The parent company behind the Daily Mail newspaper and the UK’s largest regional press group have both released emergency measures, including pay cuts for journalists trying to deal with the coronavirus pandemic.
Daily Mail and General Trust – the parent company that publishes the Daily Mail, Metro and Mail Online – said on Monday that staff earning more than £ 40,000 would be asked to take pay cuts of up to 26%.
But Lord Rothermere, executive chairman of DMGT, also announced that there would be a “one-time” compensation system where employees with reduced wages will receive company shares of the same value every month. Employees will be required to hold the stock until the end of the year, but if the stock price goes down by that time and they decide to sell, they will be compensated for the difference.
“As the world degenerates into a recession, we have seen and can expect a significant drop in advertising revenue; while the current restrictions have also caused a severe drop in traffic, “he said. DMGT is not a staff on leave.
Earlier in the day, Reach, the rival editor of the Daily Mirror, the Daily Express and the Daily Star, took tougher measures, including cutting wages and placing journalists under government control.
The company said the “senior” editorial and management team will face 20% salary cuts, while the rest of the staff will drop 10% as long as it doesn’t put them below salary. British vital of £ 9.30 a year. hour.
“It remains difficult to predict the duration and long-term impact of the crisis on our sector. So it’s critical that we take proactive cost action now to protect jobs and Reach for the long term, “said Managing Director Jim Mullen.
The announcement came days after company executives were rewarded for bonus plans.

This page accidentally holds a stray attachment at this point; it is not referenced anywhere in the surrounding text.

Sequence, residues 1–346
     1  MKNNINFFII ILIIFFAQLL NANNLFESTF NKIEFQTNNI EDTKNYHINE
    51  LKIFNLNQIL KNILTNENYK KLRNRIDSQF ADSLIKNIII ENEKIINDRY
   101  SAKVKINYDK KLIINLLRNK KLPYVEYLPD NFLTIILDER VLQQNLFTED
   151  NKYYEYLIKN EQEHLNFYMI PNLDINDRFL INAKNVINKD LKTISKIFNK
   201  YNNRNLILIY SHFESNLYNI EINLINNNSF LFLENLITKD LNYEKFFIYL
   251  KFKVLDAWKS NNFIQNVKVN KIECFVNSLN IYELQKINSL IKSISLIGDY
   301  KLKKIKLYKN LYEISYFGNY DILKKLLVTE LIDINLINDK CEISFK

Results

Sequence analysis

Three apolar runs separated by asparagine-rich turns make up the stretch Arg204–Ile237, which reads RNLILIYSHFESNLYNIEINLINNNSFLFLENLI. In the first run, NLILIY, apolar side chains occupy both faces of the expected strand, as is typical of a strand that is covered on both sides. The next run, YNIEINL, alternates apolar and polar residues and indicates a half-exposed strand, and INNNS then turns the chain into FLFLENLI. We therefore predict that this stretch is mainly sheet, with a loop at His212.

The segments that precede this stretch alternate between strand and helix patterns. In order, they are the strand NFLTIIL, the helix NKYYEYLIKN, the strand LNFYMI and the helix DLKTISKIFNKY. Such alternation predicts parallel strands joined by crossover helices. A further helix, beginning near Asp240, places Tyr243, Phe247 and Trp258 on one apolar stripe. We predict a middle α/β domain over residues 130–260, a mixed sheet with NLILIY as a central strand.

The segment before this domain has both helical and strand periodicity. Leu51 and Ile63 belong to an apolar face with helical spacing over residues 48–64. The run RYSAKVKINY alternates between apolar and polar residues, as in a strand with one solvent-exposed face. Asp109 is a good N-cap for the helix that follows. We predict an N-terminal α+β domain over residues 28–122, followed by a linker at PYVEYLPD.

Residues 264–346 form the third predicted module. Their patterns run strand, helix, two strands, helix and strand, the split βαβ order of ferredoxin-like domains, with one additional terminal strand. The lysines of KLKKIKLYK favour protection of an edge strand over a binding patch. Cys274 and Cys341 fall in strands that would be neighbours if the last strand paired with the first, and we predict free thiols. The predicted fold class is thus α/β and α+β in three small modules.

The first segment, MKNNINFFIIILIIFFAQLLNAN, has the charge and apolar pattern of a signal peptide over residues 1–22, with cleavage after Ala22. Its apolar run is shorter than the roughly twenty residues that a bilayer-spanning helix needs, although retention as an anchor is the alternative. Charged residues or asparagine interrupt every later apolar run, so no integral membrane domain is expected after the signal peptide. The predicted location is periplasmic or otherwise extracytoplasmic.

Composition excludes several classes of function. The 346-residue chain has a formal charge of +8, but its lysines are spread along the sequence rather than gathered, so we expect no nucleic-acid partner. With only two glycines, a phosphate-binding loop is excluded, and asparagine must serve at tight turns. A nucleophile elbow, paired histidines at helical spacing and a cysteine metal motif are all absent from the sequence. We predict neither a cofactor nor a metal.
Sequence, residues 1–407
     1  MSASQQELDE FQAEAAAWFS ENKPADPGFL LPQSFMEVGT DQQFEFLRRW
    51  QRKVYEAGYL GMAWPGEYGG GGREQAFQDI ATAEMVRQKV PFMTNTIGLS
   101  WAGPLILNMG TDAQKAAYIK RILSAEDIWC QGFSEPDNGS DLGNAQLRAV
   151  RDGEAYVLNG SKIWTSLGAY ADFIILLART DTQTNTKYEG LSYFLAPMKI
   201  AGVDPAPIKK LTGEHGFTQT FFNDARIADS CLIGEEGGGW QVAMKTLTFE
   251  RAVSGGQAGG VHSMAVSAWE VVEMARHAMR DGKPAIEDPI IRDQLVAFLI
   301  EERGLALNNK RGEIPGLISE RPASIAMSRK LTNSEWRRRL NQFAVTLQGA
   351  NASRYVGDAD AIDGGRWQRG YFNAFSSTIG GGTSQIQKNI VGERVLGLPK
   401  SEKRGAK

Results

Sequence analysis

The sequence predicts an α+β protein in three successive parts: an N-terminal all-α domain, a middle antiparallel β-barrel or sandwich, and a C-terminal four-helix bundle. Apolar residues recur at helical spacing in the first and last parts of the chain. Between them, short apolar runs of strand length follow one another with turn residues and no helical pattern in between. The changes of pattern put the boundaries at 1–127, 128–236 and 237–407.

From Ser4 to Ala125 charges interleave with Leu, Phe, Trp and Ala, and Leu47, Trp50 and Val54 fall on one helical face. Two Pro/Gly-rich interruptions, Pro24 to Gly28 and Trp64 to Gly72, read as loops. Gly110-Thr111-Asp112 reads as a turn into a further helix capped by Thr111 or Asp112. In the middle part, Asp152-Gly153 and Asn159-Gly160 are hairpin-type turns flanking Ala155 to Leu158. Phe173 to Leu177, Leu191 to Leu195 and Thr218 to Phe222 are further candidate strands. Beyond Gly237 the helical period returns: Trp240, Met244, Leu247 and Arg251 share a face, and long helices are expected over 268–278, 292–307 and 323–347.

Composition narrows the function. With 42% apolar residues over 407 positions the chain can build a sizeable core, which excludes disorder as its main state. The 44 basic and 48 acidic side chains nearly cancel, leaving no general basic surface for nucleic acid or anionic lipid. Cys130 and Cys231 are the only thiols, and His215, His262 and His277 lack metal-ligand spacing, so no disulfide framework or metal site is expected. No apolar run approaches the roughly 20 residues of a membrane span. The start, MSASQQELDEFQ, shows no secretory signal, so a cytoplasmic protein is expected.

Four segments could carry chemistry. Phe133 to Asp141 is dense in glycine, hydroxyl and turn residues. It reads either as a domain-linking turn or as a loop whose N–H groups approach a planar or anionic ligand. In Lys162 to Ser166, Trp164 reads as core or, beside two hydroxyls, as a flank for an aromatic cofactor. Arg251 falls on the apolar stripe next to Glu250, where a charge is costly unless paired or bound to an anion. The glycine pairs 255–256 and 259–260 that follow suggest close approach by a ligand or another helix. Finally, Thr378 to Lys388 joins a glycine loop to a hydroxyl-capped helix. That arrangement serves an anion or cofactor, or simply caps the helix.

Mullen and Simon Fuller, chief financial officer, together received nearly £ 290,000 in cash bonuses for the 2019 financial year, according to the group’s annual report released in late March. The two also secured £ 1.25m of stock options under a long-term incentive plan over the next five years. Reach declined to comment on the arrangements.
The group will propose to shareholders to suspend its 2019 dividend, arguing that it would be “inappropriate” to pay a dividend when it relied on the government’s job protection program to compensate staff. The company has also suspended forecasts for this year.
Several groups of British newspapers, including JPI Media, the publisher of the Yorkshire Post and Scotsman, and its rival Newsquest, which belongs to the American press group Gannett, have adopted emergency measures in the last two weeks following the pandemic, which has seriously affected publicity. and caused upheavals in the distribution of printed titles. The industry is also struggling with the cancellation of public events and live sports.
The media is also suffering from a drop in online advertising spending. There are reports that digital ad companies have used tools to prevent ads from appearing alongside stories about the disease in order to avoid charges of insensitivity. Blacklisting coronavirus stories for advertising could cost up to £ 50 million in revenue if the epidemic continues for the next three months, according to industry news agency Newsworks.